The Product



Does this fit the description
of a NEW carnival Ride?

What about Safety?

YOU be the Judge!

Page 2

2) Wheel Covers.  
Once the hubs and wheels were secured correctly, I then had to install the aluminum wheel covers. My son and I went to the deck where all the parts were stored. We removed the plastic bubble wrapping and my son then grabbed the first of the two aluminum wheel covers. As he grabbed it he immediately withdrew his hand while uttering some well chosen words. What was discovered was that the manufacturer had left the metal burr's that were created during the cutting process of the wheel covers. 
These burr's were as sharp as razor's and were prominent on each of the two wheel covers and covered all of the edges of both wheel covers. I also found incorrect cuts that were left with no attempt to rectify. See images below.

Click images to enlarge

My son and I spent about an hour filing and smoothing down the edges of the aluminum wheel covers on this NEW ride. 
Next we had to attach the wheel covers to the frame of the ride, where we discover another problem. The wheel covers are attached to the frame of the ride via two metal brackets for each wheel cover. The brackets were pre-drilled and the frame of the ride was also pre-drilled to receive the brackets that were to be attached by bolts and secured by way of nuts. 
We first attached the brackets to the wheel covers then my son got under the ride with a wrench while I proceeded to attach the wheel cover and bolts from the outside. What we found was some of the holes had not been drilled, rather they had been crudely and inaccurately cut into the frame using some kind of cutting torch, the kind used by welders see images below.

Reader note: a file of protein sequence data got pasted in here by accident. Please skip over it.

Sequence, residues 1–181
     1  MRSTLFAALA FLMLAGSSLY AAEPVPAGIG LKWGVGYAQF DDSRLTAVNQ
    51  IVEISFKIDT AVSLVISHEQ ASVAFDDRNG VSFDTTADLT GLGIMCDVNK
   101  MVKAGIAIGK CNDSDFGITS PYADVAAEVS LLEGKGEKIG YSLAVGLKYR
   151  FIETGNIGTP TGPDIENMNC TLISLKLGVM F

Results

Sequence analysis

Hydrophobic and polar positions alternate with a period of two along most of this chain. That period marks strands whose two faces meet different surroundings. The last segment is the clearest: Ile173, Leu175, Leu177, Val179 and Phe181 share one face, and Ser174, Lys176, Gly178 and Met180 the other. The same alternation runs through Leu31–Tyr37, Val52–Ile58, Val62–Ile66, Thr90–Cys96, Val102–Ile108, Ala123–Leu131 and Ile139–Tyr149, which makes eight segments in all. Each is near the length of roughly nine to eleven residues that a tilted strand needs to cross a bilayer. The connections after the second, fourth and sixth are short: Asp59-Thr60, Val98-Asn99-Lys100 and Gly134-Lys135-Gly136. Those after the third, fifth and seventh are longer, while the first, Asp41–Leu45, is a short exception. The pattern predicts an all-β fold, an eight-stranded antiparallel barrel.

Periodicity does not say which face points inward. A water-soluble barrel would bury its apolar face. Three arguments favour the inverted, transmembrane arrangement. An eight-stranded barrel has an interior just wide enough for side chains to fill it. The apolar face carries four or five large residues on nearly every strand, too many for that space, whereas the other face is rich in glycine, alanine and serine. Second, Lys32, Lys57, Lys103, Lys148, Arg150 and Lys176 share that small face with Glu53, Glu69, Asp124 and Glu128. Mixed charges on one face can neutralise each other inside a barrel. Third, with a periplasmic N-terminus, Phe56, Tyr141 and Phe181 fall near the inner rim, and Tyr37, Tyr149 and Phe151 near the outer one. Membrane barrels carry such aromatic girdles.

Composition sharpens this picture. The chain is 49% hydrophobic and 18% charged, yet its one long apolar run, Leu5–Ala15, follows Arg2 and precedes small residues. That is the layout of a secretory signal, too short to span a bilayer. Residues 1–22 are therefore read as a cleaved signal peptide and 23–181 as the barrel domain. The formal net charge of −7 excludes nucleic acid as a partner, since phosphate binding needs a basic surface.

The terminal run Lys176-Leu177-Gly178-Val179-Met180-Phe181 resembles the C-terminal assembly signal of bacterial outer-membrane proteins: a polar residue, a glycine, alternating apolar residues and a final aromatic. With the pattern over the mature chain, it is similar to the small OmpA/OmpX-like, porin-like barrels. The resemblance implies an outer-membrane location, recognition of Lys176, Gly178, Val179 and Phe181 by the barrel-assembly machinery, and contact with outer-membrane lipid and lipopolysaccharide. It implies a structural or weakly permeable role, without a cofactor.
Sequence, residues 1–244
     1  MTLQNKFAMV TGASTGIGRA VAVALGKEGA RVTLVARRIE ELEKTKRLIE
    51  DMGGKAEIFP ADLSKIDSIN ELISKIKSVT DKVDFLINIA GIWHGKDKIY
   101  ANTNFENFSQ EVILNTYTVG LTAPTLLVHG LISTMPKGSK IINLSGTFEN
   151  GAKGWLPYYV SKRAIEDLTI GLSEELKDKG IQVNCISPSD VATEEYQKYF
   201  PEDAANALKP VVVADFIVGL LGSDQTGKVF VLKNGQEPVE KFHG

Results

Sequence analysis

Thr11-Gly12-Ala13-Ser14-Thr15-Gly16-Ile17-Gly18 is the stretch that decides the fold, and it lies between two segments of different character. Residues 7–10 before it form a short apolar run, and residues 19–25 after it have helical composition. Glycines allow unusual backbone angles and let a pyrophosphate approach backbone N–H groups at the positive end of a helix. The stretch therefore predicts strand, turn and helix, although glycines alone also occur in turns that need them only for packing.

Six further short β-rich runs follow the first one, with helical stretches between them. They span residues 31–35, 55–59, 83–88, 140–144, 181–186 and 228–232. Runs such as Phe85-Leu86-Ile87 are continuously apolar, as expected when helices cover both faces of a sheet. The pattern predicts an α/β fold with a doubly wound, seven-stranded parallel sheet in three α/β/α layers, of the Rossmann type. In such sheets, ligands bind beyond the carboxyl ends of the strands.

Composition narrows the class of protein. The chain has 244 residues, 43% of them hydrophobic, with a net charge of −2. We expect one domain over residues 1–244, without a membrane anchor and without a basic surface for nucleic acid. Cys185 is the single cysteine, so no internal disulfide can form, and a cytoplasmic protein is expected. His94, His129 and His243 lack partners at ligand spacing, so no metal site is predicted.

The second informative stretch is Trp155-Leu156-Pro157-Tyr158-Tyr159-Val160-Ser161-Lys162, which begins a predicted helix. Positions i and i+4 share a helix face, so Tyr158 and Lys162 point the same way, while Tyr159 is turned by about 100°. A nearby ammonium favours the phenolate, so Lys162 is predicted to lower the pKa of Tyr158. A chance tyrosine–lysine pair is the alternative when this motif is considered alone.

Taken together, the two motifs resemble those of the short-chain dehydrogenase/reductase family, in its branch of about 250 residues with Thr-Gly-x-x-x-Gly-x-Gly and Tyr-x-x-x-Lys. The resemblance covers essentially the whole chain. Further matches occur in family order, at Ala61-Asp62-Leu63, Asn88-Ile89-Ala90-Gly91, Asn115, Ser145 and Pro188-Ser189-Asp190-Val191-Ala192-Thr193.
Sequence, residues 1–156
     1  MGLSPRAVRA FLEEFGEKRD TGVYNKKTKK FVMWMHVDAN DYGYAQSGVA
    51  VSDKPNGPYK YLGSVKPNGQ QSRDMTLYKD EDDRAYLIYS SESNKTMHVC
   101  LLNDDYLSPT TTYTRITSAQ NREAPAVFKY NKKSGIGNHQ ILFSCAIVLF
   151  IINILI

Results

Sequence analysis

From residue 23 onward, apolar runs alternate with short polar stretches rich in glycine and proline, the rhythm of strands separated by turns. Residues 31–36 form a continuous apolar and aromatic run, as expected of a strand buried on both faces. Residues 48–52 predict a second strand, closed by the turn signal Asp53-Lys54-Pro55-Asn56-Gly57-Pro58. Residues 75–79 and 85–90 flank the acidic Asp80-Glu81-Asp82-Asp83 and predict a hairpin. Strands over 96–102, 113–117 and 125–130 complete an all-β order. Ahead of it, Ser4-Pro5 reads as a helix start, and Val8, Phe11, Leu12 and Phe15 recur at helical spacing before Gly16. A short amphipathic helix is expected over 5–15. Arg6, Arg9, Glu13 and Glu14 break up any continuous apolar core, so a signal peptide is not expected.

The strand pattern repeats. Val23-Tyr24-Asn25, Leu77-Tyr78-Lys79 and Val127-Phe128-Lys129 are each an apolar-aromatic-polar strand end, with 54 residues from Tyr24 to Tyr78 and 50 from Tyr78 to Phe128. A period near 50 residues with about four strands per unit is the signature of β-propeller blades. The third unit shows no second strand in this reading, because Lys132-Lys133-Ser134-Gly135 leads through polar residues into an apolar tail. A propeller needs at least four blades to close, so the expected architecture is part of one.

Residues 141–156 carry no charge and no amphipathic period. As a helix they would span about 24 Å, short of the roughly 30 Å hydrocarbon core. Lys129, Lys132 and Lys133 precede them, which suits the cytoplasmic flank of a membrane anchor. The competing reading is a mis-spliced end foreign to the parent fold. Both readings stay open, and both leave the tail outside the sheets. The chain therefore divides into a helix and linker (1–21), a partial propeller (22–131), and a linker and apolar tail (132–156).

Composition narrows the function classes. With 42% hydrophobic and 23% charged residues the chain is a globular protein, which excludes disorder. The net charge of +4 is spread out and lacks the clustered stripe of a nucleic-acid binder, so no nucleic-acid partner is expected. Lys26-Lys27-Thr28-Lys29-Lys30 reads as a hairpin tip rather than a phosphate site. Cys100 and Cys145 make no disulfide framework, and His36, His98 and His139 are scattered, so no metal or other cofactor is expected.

Image of Correctly drilled holes     Image of poor crudely cut bolt hole   
Close up image of bolt hole misaligned and larger than the head of the bolts which were supplied. 

 Again I went shopping to find some wide washers that would prevent the supplied bolt heads from simply going through the enlarged holes.


3) Towing tongue brake, indicator and night traveling light installation.

next I installed the towing tongue or towing arm a simple procedure involving four bolts then cutting it to length and installing the actual yolk  part (not supplied) that attaches to the ball hitch. This was somewhat of a chore since the yolk was made in North America and the towing arm being made in China had a slight size variation. 

The ride since it is a portable mobile unit, is classified as a "vehicle" and therefore requires by law brake lights, indicators, and night traveling lights. All of which I was told comes with the ride and is included in the price. Except that they did not arrive with the shipment as they should.

When I spoke with Poretskin about this his answer was "I didn't send them because I didn't know if they used the same system as we do in the states" (not verbatim but that was the general gist of his response). Now this in itself is a very strange statement from someone who allegedly (by his own admission) has shipped a similar ride to Canada previously. Importers and exporters of vehicles between Canada and USA know the requirements, after doing it just once because it is a nightmare of paperwork and red tape as I found out with this ride (I have never imported a "vehicle" prior to this).

However, he had agreed to reimburse me for the lights. That has yet to happen and I won't hold my breathe while waiting.

Read more on page 3